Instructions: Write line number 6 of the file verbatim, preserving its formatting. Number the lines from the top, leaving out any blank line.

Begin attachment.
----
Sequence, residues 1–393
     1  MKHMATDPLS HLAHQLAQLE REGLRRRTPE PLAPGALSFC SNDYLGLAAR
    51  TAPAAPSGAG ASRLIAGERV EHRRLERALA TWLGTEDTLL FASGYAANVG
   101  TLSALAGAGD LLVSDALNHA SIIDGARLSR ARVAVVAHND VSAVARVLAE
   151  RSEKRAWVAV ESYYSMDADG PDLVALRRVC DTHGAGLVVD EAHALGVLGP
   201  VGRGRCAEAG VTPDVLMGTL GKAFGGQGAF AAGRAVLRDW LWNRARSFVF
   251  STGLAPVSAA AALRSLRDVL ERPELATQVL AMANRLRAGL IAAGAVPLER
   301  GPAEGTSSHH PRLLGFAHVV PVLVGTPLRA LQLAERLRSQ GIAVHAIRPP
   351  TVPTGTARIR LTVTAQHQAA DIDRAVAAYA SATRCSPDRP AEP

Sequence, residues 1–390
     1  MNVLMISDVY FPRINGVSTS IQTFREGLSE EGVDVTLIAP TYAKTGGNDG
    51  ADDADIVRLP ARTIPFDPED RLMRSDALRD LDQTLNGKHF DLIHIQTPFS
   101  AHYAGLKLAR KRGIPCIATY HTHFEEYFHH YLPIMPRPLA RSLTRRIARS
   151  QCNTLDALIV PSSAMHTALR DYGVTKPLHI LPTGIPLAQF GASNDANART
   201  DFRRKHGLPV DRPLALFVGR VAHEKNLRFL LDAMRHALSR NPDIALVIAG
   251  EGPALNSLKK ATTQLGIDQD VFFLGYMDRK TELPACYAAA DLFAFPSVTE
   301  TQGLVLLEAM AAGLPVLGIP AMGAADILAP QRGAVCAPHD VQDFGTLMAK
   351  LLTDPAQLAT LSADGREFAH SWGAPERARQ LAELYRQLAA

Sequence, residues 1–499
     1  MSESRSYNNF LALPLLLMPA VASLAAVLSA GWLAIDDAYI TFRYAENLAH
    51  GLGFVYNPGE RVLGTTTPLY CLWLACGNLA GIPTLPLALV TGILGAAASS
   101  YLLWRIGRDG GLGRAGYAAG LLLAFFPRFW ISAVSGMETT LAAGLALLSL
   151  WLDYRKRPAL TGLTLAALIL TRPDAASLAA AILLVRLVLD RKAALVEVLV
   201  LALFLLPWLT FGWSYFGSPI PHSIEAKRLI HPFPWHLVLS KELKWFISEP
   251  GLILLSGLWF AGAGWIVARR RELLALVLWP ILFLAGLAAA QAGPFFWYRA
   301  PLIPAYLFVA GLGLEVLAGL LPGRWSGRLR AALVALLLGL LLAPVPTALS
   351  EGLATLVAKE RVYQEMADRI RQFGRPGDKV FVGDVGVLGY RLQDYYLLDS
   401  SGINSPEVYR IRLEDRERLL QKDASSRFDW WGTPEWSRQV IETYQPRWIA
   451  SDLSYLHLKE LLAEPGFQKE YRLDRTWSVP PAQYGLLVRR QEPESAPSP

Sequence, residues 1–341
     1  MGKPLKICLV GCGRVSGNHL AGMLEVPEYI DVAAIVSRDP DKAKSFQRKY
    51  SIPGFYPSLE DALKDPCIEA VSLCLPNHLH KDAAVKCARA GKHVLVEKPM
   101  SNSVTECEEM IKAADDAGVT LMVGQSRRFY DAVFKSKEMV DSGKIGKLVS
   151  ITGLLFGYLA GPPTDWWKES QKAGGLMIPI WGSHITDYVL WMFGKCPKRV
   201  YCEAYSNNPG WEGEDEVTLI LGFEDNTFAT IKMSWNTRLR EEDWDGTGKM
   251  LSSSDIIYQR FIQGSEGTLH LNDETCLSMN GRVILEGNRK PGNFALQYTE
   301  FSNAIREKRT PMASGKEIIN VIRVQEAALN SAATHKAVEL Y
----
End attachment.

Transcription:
   201  VGRGRCAEAG VTPDVLMGTL GKAFGGQGAF AAGRAVLRDW LWNRARSFVF